Design for additive manufacturing (DFAM) gives designers new freedoms to create complex geometries and combine parts into one. However, it has its own limitations, and more importantly, requires a shift in thinking from traditional design for subtractive manufacturing. There is a lack of formal and structured guidelines, especially for novice designers. To formalize knowledge of DFAM, we have developed an ontology using formal OWL/RDF representations in the Protégé tool. The description logic formalism facilitates expressing domain knowledge as well as capturing information from benchmark studies. This is demonstrated in a case study with three design features: revolute joint, thread assembly (screw connection), and slider-crank. How multiple instances (build events) are stored and retrieved in the knowledge base is discussed in light of modeling requirements for the DFAM knowledge base: knowledge capture and reuse, supporting a tutoring system, integration into CAD tools. A set of competency questions are described to evaluate knowledge retrieval. Examples are given with SPARQL queries. Knowledge documentation is the main objective of the current ontology. However, description logic creates multiple opportunities for future work, including representing and reasoning about DFAM rules in a structured modular hierarchy, discovering new rules with induction, and recognizing patterns with classification, e.g., what leads to “successful” vs. “unsuccessful” fabrications.

Commentary by Dr. Valentin Fuster
2016;():V01BT02A033. doi:10.1115/DETC2016-60392.

Software tools, knowledge of materials and processes, and data provide three pillars on which Additive Manufacturing (AM) lifecycles and value chains can be supported. These pillars leverage efforts dedicated to the development of AM databases, high-fidelity models, and design and planning support tools. However, as of today, it remains a challenge to integrate distributed AM data and heterogeneous predictive models in software tools to drive a more collaborative AM development environment. In this paper, we describe the development of an analytical framework for integrated and collaborative AM development. Information correlating material, product design, process planning and manufacturing operations are captured and managed in the analytical framework. A layered structure is adopted to support the composability of data, models and knowledge bases. The key technologies to enable composability are discussed along with a suite of tools that assist designers in the management of data, models and knowledge components. A proof-of-concept case study demonstrates the potential of the AM analytical framework.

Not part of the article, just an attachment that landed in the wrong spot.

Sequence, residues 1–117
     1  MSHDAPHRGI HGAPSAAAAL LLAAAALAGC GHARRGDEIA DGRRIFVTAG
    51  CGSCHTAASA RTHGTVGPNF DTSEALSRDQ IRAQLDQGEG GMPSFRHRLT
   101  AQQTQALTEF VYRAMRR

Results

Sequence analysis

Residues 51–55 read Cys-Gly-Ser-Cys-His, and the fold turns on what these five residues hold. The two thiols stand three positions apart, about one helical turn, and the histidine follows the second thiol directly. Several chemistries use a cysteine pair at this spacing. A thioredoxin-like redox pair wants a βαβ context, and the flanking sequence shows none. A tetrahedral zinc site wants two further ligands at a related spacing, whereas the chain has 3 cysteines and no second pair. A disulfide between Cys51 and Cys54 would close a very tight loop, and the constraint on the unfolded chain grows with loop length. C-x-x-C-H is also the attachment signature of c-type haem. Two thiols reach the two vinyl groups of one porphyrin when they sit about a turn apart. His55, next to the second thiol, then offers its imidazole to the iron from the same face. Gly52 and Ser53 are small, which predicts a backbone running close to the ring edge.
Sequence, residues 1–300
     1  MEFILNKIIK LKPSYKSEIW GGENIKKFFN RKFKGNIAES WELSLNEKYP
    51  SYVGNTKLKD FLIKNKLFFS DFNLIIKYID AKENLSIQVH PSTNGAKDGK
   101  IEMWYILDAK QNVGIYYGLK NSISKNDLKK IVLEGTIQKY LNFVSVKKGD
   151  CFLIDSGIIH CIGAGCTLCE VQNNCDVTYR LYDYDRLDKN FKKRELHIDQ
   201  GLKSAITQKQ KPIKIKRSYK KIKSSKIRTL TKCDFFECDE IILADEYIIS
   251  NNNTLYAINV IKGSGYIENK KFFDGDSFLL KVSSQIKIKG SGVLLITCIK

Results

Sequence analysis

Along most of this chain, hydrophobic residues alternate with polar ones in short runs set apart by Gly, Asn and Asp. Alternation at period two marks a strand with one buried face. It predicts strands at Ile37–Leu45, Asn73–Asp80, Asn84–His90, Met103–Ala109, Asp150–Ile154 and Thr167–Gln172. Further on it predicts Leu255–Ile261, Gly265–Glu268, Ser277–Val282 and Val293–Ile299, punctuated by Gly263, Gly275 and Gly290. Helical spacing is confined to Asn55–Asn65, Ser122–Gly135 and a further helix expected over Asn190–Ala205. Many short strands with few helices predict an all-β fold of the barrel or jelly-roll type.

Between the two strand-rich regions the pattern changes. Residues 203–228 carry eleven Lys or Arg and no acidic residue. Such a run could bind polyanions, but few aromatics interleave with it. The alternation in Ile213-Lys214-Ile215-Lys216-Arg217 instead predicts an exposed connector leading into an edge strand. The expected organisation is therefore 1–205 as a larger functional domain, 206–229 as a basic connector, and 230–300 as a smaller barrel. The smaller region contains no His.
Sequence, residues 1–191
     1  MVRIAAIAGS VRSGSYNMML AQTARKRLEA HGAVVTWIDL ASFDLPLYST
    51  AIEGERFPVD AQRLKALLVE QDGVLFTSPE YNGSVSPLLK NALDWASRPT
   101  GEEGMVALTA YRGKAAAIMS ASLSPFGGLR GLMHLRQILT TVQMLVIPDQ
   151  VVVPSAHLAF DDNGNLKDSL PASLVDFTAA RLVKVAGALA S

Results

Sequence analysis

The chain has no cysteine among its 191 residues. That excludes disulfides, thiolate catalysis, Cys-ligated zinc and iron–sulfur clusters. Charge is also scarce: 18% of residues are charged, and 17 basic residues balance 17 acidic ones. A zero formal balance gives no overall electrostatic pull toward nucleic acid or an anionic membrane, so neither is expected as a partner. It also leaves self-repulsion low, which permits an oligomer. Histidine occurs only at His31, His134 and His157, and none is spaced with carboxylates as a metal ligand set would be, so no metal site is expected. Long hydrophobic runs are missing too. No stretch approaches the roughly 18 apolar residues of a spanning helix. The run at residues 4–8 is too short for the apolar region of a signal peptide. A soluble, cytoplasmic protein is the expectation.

Commentary by Dr. Valentin Fuster

36th Computers and Information in Engineering Conference: Systems Engineering Information Knowledge Management (SEIKM General)

2016;():V01BT02A034. doi:10.1115/DETC2016-59469.

Design optimization of a complicated system requires modeling multidisciplinary engineering analysis for the verification of its physical behavior, and sophisticated formalization of the optimization problem. Although a CAE system and a package software of optimization can support the calculation and visualization of the results, it is important to make the appropriate models and the appropriate formalization considering critical phenomena, modeling conditions, the level of details and so on. These processes remain with the realm of tacit knowledge of engineers. This paper proposes a new management method that facilitates a designer to clarify the empirical knowledge of modeling and formulation in the reflective design process of multidisciplinary system, and flexibly operate them during design process. A knowledge representation format based on a function modeling method of IDEFO is developed in order to represent and operate the whole/part relationships and the causal relationships among design parameters, and the contents of the optimization formulation. The ability of the proposed method is verified with a design example of a desiccant air-conditioning system.